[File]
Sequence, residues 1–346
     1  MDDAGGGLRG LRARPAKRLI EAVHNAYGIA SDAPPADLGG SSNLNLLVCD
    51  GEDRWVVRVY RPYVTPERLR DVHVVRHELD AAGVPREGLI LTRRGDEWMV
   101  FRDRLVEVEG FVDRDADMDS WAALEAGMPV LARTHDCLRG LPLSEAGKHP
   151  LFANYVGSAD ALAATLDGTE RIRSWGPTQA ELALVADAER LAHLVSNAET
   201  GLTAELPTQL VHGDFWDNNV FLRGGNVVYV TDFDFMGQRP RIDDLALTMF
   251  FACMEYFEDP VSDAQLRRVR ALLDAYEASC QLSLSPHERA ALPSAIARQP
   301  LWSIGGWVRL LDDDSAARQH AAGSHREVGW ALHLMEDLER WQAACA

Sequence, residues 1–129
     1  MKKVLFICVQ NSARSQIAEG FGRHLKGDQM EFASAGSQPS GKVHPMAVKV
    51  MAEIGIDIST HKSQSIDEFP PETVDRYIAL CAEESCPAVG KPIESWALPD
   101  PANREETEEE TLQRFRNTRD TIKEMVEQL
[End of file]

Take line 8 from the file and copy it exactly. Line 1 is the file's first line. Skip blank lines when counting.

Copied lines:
   301  LWSIGGWVRL LDDDSAARQH AAGSHREVGW ALHLMEDLER WQAACA